THE BATTLE OF LONE JACK

Jessie M. Cave, 80 years old, has unforgetable memories of the battle of Lone
Jack, although he was then only five years old. He was a son of Mr. And Mrs. B.
B. Cave, who conducted the Lone Jack Hotel. The father was absent, but Mrs.
Cave and the children were asleep in the building when the firing began in the
streets nearby about 6 o’clock.
A number of Federal soldiers broke into the hotel, and began firing out of the
doors and windows at the Confederates who responded with a terrific assault.
While the conflict was raging, the house, a two-story frame, began to burn.
Seeing nothing but certain death if they remained inside, Mrs. Cave decided to
face the possibility of it in fleeing from the house. She and her children did so,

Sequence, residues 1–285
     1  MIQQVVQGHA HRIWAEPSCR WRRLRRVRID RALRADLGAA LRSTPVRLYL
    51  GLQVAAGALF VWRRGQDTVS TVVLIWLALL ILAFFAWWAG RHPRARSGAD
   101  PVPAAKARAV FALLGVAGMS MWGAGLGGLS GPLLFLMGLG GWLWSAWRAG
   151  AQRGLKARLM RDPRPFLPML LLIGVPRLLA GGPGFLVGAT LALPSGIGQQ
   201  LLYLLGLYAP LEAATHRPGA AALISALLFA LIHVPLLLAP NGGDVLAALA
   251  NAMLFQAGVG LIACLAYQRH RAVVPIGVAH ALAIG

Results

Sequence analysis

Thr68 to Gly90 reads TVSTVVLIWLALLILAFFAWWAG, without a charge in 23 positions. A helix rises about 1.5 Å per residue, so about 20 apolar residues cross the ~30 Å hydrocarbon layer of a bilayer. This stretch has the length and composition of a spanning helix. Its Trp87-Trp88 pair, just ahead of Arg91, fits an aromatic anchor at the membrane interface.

and, unhurt, made their way to a place of comparative safety a short distance
west of the hotel, crouching down close to the ground, where they were hidden by
tall weeds. One of the children, an infant in arms, clamored to e nursed. Jesse
was one of the children huddled around her.
"I remember it all as if it had happened only yesterday." Jesse Cave remarked to
a visitor Tuesday afternoon. "Mother sat up and was reaching for my little sister,
when a minie ball struck mother in the breast. As soon as possible she was given
treatment, but she never recovered, and three weeks later she died. None of the
rest of us were injured. The baby died a few years later. One of the other
children, my brother, William Henry Cave, was with us when it happened. He was
10 years old then and is still living at the age of 85, at Everett, Washington."

Independence Examiner, August 14, 1937